LA Rebellion
A Part of the Story

We’re here to stop the fascists and the Nazis

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LOS ANGELES, 25 March 2007–As marchers at the Federal Building denounced the stepped up ICE raids and deportations, another group of protestors mounted a last-minute anti-minuteman rally to counter the anti-migrant group’s march up Broadway, the path of the one million-strong migrant Gran Marcha of March 25, 2006. A group calling itself “No Name” pulled together about two hundred and fifty counterprotestors and got a sidewalk permit to follow the minutemen through the busy shopping district. Along the way, they enlisted Sunday shoppers in their anti-minuteman chants and jeers.

The minutemen were led by Ted Hayes of the Federation for American Immigration Reform’s Choose Black America, and their march was sponsored by the rabidly anti-migrant group Save Our State, whose founder and CEO also works for FAIR. They managed to muster about as many ralliers as the counterprotestors had, after weeks of widespread promotion and requesting a permit for one thousand. They took a single float down the street that called for reparations for African-Americans, a new political front for Save Our State but a longtime cause for Hayes. And they brought along their familiar anti-migrant signs and U.S. flags. Whether the predominantly Spanish-language shoppers understood the reparations message was unclear to the counterprotestors. The SOS march was billed as a civil rights march but, like an earlier march last May 21, civil rights didn’t seem to be the message.

They rounded the corner onto Spring Street at 1:30, with an escort of cop towncars and a phalanx of cops boxing them in on four sides, keeping the counterprotestors on the sidewalk on either side. Hayes was spotted jumping out of a sergeant’s car, who had apparently given him a lift. As the minutemen crossed onto the City Hall lawn, the counterprotestors took their position across the street on the northwest corner of Spring and 1st Streets. The cops, some with belts of tear gas canisters, lined the west side of Spring Street, as has become usual, facing the counterprotestors. The cops nearly outnumbered the counterprotestors, and they parked twenty cop cars on 1st Street alongside a half dozen emergency vehicles. At one point the cops closed ranks because they had arrayed themselves down the street far past the small cluster of counterprotestors on the corner.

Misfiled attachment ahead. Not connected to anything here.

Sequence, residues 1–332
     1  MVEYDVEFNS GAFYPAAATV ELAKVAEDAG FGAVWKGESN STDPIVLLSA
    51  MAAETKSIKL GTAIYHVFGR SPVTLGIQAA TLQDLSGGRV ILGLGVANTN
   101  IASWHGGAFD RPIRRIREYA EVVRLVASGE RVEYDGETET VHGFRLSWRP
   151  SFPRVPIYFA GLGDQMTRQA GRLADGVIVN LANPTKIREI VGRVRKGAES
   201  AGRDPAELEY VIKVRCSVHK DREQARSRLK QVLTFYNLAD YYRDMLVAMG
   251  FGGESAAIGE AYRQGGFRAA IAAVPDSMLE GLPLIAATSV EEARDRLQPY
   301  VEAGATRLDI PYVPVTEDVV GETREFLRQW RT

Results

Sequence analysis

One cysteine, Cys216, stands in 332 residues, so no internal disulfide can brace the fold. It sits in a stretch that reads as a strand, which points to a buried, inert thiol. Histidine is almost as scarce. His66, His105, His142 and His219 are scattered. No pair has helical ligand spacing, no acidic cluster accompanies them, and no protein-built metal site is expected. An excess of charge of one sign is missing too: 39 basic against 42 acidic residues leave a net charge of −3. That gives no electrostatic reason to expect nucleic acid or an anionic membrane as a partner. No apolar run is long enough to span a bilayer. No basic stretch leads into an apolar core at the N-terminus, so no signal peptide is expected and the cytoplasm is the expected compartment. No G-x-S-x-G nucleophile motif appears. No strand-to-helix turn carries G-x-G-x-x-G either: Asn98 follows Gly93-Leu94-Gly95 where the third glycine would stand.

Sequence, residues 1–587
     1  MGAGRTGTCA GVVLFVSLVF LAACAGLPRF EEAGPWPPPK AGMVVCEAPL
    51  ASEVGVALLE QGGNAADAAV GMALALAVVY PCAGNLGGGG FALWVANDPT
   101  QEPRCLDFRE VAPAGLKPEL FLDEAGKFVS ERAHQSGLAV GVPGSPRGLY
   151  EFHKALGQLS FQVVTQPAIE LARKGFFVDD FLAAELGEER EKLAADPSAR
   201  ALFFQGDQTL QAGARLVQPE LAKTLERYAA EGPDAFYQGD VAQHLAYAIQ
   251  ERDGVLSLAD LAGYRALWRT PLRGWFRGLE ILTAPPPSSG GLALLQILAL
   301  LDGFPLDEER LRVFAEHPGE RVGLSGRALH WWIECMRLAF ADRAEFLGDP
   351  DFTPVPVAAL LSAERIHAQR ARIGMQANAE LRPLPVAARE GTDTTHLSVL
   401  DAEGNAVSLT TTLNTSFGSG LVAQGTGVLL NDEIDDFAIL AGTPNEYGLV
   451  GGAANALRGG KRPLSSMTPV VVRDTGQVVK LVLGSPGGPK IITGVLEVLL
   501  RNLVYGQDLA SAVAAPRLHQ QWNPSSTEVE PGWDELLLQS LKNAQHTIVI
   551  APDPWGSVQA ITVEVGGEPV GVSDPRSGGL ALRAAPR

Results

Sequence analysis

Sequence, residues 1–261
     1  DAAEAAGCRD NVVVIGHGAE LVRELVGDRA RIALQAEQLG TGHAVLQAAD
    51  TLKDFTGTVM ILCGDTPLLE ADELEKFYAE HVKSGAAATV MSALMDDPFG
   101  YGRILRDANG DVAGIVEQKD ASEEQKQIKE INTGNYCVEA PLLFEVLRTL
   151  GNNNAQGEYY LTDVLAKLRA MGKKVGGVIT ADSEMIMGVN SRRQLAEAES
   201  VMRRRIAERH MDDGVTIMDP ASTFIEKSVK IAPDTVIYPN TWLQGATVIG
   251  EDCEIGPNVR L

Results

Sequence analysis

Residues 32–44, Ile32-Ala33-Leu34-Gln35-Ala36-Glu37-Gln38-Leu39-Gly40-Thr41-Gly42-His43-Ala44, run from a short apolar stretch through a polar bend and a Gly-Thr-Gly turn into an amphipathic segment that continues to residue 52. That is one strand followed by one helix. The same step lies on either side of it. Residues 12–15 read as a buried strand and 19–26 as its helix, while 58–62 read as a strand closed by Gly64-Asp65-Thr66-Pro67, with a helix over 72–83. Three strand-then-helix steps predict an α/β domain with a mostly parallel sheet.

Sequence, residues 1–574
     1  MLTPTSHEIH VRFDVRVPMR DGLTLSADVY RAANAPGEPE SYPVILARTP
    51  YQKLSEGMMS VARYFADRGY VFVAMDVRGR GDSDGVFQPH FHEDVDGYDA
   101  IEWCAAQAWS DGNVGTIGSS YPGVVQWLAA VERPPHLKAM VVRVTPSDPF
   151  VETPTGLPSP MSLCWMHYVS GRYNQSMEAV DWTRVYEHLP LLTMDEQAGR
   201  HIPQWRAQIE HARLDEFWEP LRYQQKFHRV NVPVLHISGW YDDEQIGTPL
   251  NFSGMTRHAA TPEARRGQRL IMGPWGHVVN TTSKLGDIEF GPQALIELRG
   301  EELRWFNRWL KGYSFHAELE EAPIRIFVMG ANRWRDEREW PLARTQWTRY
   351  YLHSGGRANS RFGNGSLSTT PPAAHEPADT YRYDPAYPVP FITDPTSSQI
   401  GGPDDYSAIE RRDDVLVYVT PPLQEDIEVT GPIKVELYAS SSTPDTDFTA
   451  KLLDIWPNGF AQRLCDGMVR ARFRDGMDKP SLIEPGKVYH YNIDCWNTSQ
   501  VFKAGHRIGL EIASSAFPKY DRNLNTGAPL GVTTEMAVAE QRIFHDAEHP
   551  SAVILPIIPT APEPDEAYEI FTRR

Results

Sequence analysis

The No Name organizer explained their presence: “We have to be here. We’re the voice of conscience. We’re here to stop the fascists and the Nazis.” A counterprotestor said she had been told by cops that minutemen members were part of the police’s Hollywood and Wall Street stations. The counterprotestors shouted and bullhorned at the minutemen from the sidewalk and the small rise behind it.

A few of the counterprotestors began arguing among themselves when leaders from the anti-deportation march joined them. Some of the counterprotestors were upset that the earlier anti-deportation march, just two blocks over, hadn’t joined them, but a voice called out from the back, “¡El pueblo unido jamás será vencido!” The crowd of counterprotestors took up the call, and the row was quelled.

I was walking into the minuteman rally as they were chanting “Ted Hayes! Ted Hayes! Ted Hayes!” It seems that Save Our State has found a new personality to follow, and that Hayes has maneuvered himself into a position to take the role of charismatic leader following Turner’s decision to step away from the limelight. The next speaker called for “No more using our schools. No more using our hospitals. No more using our civil rights!” He added, speaking of the migrants, “They’re sorry, they’re wasted, they’re through.” He led the mostly inattentive crowd in three half-hearted rounds of “We’re mad, and we’re not going to take it anymore.” Hayes jumped in and added, “We’re fired up, we can’t take it no more!”

In the climax to the rally, minuteman David Hernandez announced his candidacy for mayor of Los Angeles and promptly swore himself in, reciting the oath of office. Then, in the inaugural speech of his candidacy, he recited the history of the abuse of African-Americans in this country and supported reparations for the descendents of slaves. He made no mention of any other group, offered no vision for city or solutions for its problems, and his only political promise was to include African Americans in any discussion of immigration, “legal or illegal.” Chelene Nightingale, rally organizer, was leading rounds of “Run, David, Run!” as I walked away.

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